3. Use a wireless number if at all possible. Keep this phone with you at all times so you can return the calls immediately if you are not able to answer the call live. Of course if you are at work or other places where your phone can't ring use the silent vibration mode.
4. Don't turn down showing requests, and hopefully you don't even need to ask them to change the requested time, even slightly. It is important to understand what the buyer agent has to go through to organize showings. When an agent has their buyer ready to do showings, they figure out a time that works for all of them, which can be difficult, especially when both the agent and both spouses may have job schedules, class schedules, social events, activities like piano lessons, sporting events, worship activities, etc. It is often a minor miracle that both the agent and both buyers can find a time that works for all three of them. Or sometimes it needs to work for even more people to arrange a sitter/activity for children. This is one of many reasons you don't want to ask an agent that requests a showing at 3pm to come at 11am instead. Keep in mind that some of the busier agents are working with multiple buyers, sellers, and hosting open houses, scheduling is often a major headache, which often translates into a showing request that is "take it or leave it" to the seller. This is also why for many properties showings will be evenings and weekends, although this is not always the case.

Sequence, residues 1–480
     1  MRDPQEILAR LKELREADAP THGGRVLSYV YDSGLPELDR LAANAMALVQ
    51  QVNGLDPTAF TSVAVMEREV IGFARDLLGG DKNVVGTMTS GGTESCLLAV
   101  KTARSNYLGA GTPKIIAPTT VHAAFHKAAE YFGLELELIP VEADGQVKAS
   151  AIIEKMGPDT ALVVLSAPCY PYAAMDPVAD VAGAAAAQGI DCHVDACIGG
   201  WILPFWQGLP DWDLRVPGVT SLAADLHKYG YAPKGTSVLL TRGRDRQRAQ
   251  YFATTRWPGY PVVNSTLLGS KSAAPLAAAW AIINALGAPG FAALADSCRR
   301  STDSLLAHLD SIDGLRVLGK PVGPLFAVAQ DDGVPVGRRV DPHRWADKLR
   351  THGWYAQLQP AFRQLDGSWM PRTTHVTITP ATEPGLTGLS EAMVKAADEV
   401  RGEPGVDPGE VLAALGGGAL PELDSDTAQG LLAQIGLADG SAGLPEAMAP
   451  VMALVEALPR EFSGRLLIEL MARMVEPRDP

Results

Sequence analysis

So the buyer agent is all ready to schedule showings for the time window they have agreed upon. Most agents seek to have this time agreed upon a couple of days in advance but schedules often make them take whatever is available, again "take it or leave it" and the agent knows they will miss 100% of the buyer agent commissions they could earn if they don't actually show homes to the buyer. Sometimes the buyers only have a few hours notice or less. The buyer agent will either select the properties that the buyer wants to show or the seller will have emailed addresses/MLS numbers of properties they want to view, or some combination thereof. The agent will look those properties up in the MLS, usually plot them on a map/or in their head, and determine the logical sequence of showings to minimize the time in transit between showings.